They're Baaack... The Google IPO is huge and the other big Internet stocks are sky-high again. Here's why it's more than just the same old mania
(MONEY Magazine) – Forget The Bourne Supremacy or Spider-Man 2. The most anticipated opening of this summer is on the stock market. We're talking about the initial public offering of Web search wunderkind Google (GOOG), set for August. Its target share price of $108 to $135 would give the company a total value between $29 billion and $36 billion. These are wild numbers: By the time General Electric reached a $36 billion market capitalization, it boasted $28 billion in revenue. Five-year-old Google generated $1.5 billion last year.
Internet Mania, Part 2, isn't limited to Google. Even after a sharp sell-off in July, eBay (EBAY) is up 46% over the past 12 months, and Yahoo (YHOO) is up 88%.
Here we go again, you might be saying. But there is something different this time around. For a start, these companies have profits. And the Web business model has changed dramatically. The late 1990s was an era of specialty retailers. Amazon (AMZN) sold books, and Pets.com wanted to be the Amazon of pet supplies. Most of those companies didn't survive. The ones that did became something new: vast electronic shopping malls.
Amazon, eBay, Yahoo and now Google--call them the Net Four--are largely in the same business these days. They all connect consumers to a world of retailers, from mom-and-pop shops to big-name stores. Yahooers buy more than $4 billion worth of stuff a year using that website, and Google has a new search offering designed specifically for shopping. Ebay, the auction site, increasingly sells new merchandise that you can buy at a set price. And Amazon, in turn, is selling more used items. Go to any of the Net Four and in just a few clicks you can buy everything from digital cameras to antique armchairs. And along the way, the website gets a cut.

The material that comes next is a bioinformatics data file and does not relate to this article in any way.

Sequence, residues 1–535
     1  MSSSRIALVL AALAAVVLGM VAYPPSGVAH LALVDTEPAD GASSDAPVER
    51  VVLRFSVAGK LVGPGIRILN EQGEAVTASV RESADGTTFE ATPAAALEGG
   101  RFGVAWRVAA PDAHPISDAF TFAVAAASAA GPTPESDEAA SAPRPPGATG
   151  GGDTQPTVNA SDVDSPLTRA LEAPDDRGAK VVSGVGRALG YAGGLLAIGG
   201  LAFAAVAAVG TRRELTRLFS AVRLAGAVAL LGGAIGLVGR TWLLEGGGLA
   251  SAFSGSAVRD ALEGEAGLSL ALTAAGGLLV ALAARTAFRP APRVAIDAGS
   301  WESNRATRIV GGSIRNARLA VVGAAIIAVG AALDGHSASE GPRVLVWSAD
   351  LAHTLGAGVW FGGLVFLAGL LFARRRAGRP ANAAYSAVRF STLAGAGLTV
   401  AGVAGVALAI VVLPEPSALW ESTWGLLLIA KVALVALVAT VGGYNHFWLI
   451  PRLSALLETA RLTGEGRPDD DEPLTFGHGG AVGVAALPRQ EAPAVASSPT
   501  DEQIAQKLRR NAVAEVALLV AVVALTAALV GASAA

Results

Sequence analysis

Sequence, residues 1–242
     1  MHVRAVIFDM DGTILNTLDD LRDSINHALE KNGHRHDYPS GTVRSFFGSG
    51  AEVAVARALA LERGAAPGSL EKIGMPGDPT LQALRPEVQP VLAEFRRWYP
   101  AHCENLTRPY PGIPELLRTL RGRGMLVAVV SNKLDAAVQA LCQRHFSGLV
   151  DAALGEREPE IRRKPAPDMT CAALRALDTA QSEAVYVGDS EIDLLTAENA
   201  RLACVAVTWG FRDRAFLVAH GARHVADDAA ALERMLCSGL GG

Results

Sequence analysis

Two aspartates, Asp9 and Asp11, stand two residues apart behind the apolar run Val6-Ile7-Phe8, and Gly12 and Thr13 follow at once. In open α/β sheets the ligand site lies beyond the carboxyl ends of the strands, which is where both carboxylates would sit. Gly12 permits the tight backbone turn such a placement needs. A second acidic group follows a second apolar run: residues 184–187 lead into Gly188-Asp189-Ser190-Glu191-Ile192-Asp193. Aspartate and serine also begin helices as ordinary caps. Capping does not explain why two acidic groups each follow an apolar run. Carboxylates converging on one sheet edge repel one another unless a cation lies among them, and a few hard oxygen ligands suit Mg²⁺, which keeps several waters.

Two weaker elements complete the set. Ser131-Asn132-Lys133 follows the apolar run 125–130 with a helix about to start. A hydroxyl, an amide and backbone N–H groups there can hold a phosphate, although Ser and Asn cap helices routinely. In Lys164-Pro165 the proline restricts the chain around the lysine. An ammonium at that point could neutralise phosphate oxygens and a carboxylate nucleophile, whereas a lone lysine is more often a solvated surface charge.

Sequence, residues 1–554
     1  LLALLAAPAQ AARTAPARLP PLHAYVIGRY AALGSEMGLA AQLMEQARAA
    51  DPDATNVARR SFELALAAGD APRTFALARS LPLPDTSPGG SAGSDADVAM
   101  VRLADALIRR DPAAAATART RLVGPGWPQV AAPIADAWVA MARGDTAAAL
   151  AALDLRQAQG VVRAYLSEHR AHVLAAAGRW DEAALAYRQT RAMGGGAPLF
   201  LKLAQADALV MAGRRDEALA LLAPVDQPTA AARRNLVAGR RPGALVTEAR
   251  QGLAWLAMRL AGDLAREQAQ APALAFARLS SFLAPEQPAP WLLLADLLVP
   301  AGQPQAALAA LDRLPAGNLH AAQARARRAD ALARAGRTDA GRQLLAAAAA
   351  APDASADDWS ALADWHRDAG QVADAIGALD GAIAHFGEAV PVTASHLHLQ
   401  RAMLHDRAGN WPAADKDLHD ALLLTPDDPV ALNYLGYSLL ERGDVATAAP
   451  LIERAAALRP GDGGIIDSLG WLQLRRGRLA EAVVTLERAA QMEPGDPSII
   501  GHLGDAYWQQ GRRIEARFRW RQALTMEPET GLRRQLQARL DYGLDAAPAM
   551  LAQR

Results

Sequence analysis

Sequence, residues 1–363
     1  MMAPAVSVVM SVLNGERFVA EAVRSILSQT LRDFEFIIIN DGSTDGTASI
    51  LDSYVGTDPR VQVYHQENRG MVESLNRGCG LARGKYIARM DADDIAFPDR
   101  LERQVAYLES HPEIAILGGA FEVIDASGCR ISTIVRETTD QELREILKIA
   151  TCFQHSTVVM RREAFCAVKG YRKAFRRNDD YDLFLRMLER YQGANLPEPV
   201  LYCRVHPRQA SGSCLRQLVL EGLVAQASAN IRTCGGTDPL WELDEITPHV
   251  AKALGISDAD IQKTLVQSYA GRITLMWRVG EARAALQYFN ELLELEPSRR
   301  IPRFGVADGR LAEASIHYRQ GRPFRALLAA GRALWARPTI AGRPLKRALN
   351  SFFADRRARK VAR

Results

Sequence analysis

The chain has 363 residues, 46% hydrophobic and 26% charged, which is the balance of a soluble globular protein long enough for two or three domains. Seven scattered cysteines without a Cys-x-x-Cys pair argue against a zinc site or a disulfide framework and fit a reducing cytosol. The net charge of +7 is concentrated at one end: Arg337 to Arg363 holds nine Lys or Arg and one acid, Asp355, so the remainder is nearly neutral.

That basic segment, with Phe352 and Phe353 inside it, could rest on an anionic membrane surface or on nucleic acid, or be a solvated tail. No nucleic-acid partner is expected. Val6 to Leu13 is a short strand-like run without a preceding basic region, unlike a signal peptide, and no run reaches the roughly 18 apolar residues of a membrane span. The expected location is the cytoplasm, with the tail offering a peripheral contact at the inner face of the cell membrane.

The stock prices are still scary. At $122, the midpoint of its IPO range, Google would cost 170 times its earnings over the past year. The typical S&P 500 stock has a P/E under 20. "I don't know how you can sleep at night and own these stocks," says hedge fund manager Bill Fleckenstein.
But if you have a place in your portfolio for a speculative play, there is a case for some of these stocks. Bill Miller, whose Legg Mason Value fund has beaten the market 13 years in a row, owns Amazon, eBay and Yahoo, and he told MONEY in July that he planned to bid on Google too. What draws him to Internet stocks is their high margins--that is, the portion of their revenue that turns into profits. Combine high margins with Net companies' fast sales growth and you could get explosive earnings.
Of course, you don't have the millions to invest that Miller does. If you decide to dive in, you need to carefully select the players with the best combination of growth and reasonable--well, relatively reasonable--valuation. Below is our take on each of the Net Four.